The auto business, along with mention the cars we drive, are at the beginning of what most experts expect to be a period of rapid transformation. New technologies such as self-driving systems and electric drivetrains, and new shared-mobility business models enabled by technology, are likely to upend the traditional car business as we know it.

The big global automakers that have dominated the business for decades are scrambling to respond, as are their longtime suppliers. While investors are excited about new entrants such as Tesla (NASDAQ:TSLA) and NVIDIA (NASDAQ:NVDA), they've been wary of the legacy car companies and suppliers, because it seems likely that not all of them will thrive in the new world of self-driving electric vehicles.

But here's the thing that many have overlooked: Some will. A few might even ride the wave of change to long-term profit growth. Investors who identify and buy those companies now stand a good chance of racking up market-beating profits as these trends unfold over the next several years. 

So which companies are the good bets? I think of all the big legacy automakers, General Motors (NYSE:GM) offers the best combination of tech-enabled growth potential and value right now. Among the legacy auto suppliers, I think Aptiv PLC (NYSE:APTV), a new company formed from a split of old-line supplier Delphi Automotive, is similarly situated. 

And last but not least, I think that the iconic supercar maker Ferrari NV (NYSE:RACE) is also well positioned for growth as the new era unfolds -- for what might be surprising reasons. Read on to learn more.

Mary Barra is shown standing next to a white Chevrolet Bolt EV with visible self-driving sensor hardware at an event at GM's Orion Assembly plant in June 2017.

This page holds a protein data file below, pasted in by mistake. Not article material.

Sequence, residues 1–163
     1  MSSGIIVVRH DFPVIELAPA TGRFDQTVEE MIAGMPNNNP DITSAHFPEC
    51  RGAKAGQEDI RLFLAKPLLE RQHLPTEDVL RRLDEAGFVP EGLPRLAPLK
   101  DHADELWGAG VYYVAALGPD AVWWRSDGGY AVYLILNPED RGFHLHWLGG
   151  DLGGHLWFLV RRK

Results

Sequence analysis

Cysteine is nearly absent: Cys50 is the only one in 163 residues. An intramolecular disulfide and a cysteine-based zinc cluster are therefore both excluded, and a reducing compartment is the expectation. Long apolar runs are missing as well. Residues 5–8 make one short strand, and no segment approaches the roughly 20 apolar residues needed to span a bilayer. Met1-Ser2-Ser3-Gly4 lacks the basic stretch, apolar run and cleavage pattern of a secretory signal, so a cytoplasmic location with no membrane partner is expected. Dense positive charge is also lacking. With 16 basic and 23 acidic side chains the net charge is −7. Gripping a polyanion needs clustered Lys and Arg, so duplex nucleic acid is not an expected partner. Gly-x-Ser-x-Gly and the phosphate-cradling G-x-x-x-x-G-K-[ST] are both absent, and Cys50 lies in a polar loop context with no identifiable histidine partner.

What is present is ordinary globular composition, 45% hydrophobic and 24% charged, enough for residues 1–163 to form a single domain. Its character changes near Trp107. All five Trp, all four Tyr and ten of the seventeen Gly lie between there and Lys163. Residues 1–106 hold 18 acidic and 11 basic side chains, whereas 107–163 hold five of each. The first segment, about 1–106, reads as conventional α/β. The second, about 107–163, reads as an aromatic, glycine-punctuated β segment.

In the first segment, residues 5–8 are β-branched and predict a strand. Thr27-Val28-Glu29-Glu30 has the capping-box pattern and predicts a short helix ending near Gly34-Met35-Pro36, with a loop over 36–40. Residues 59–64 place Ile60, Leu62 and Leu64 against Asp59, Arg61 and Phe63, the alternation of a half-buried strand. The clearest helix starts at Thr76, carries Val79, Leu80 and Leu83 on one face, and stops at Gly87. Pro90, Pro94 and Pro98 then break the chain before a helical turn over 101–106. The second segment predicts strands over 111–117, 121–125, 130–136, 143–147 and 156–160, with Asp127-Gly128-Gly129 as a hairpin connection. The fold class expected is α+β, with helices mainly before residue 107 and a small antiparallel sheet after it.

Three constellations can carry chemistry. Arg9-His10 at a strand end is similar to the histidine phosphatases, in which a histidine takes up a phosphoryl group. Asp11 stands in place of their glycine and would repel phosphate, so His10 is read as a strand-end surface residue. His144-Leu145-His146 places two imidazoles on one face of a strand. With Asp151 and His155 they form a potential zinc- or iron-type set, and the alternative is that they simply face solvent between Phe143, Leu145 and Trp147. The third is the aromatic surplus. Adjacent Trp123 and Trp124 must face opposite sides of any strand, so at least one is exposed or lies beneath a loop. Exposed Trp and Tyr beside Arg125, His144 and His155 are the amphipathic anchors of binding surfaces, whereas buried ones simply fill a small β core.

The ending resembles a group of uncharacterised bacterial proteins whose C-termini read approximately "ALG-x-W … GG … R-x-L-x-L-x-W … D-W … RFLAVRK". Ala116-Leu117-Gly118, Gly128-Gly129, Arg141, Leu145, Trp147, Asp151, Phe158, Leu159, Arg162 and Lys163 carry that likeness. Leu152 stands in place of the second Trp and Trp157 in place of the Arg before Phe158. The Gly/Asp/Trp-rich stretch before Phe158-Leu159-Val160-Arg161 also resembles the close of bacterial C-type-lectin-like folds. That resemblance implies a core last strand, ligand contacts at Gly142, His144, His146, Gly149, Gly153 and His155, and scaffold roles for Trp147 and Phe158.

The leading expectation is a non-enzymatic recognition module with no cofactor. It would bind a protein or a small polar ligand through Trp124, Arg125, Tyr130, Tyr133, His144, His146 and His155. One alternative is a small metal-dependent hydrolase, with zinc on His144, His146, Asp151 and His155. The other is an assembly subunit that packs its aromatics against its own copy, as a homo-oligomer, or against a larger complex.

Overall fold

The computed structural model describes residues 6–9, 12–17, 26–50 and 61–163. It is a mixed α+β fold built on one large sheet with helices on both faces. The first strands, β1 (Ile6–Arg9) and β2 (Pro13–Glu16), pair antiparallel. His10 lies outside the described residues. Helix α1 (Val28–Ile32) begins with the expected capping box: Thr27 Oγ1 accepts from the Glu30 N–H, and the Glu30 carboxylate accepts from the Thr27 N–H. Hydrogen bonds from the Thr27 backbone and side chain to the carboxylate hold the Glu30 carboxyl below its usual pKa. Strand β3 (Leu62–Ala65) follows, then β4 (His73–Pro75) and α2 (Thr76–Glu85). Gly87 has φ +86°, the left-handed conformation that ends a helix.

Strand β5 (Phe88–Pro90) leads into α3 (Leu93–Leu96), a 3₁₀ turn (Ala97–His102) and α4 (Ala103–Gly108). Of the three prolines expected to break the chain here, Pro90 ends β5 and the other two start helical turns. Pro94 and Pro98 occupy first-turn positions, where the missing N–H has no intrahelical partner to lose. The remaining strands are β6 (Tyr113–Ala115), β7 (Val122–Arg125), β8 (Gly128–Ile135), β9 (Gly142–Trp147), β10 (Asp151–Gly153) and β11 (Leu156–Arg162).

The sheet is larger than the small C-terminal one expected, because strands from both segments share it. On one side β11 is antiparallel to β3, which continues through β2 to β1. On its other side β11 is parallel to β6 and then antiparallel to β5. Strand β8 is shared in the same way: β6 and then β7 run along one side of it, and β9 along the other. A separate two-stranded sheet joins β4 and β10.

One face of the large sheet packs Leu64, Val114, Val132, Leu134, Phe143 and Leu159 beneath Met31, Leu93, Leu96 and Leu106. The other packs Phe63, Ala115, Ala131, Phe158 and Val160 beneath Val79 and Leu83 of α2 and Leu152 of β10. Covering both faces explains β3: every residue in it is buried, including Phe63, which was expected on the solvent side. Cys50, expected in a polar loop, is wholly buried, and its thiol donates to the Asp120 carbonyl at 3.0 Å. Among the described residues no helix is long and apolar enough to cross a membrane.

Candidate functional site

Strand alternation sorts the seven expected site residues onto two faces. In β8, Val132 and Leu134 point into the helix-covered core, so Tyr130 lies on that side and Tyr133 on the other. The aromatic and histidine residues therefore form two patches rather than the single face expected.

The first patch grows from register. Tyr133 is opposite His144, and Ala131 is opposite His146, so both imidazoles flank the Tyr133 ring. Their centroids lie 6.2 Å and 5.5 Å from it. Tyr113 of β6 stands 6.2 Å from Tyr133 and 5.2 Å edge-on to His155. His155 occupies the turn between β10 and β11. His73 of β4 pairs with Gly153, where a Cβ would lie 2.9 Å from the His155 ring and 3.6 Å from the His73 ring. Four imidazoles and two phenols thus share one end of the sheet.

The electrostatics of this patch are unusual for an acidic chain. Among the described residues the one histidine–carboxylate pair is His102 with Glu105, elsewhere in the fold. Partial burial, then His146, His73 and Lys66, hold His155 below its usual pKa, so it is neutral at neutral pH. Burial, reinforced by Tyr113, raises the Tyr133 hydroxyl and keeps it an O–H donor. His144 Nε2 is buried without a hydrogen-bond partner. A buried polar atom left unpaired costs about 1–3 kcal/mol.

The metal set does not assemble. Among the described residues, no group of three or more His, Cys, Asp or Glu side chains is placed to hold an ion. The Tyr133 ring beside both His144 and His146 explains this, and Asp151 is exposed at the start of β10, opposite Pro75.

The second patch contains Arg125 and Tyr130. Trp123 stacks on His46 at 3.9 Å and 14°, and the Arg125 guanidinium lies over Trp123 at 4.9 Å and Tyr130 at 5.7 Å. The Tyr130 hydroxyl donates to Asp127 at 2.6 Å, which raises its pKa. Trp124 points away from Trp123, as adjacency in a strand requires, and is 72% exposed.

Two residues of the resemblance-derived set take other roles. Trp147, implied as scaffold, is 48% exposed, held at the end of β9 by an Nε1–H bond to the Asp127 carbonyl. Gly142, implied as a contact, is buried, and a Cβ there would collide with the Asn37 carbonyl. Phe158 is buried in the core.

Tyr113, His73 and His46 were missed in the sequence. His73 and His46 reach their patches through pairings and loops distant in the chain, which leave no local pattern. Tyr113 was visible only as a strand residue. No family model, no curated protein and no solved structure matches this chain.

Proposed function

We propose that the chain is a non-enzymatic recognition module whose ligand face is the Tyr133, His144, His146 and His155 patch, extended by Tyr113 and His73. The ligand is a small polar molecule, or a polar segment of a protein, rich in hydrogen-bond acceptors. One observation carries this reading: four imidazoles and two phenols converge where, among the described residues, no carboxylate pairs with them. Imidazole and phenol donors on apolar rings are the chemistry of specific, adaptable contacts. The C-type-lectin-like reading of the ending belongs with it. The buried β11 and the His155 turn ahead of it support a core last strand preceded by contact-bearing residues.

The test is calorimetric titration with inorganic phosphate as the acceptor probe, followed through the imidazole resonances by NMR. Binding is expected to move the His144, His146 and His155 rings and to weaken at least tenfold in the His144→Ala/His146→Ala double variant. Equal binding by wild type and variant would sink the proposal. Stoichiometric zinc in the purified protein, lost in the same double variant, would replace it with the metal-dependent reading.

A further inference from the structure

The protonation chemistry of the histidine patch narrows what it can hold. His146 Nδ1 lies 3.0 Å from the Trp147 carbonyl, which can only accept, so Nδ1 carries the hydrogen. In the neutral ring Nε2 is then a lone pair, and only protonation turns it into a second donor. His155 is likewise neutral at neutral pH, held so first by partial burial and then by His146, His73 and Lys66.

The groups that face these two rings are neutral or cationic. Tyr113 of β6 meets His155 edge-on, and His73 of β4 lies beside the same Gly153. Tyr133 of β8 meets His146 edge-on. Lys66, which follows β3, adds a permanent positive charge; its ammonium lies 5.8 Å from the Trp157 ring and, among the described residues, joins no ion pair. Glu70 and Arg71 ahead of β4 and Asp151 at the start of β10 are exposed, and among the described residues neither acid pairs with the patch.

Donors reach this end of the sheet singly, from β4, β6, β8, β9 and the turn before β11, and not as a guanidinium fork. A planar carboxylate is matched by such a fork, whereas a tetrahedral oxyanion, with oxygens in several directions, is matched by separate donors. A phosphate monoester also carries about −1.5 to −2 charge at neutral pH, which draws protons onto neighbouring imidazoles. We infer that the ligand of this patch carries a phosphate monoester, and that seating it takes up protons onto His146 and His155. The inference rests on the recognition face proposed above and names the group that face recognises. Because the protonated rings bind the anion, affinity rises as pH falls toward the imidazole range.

CEO Mary Barra, shown here with a prototype self-driving Chevrolet Bolt EV, has GM on course for tech-driven profit growth over the next several years. Image source: General Motors.

General Motors 

The case for GM as an investment right now has three parts. 

First, it's generating big profits today from strong sales of trucks and crossover SUVs, and it's set to generate incremental growth in those profits over the next several years. GM just finished launching all-new versions of its crossover SUVs, which are more profitable than the vehicles they replace -- and it's gearing up to do the same with its pickups and big truck-based SUVs over the next couple of years.

Second, GM has emerged as a leader in those transformative technologies. It was the first to ship an affordable long-range electric car, the Chevrolet Bolt EV. It has at least 20 more all-electric vehicles on the way -- and it promises that those vehicles will achieve something that has so far eluded rivals: solid profitability. 

GM is also solidly in the mix when it comes to urban mobility. It owns a stake in ride-hailing start-up Lyft, and its subsidiary Maven is establishing itself as a strong contender in car-sharing.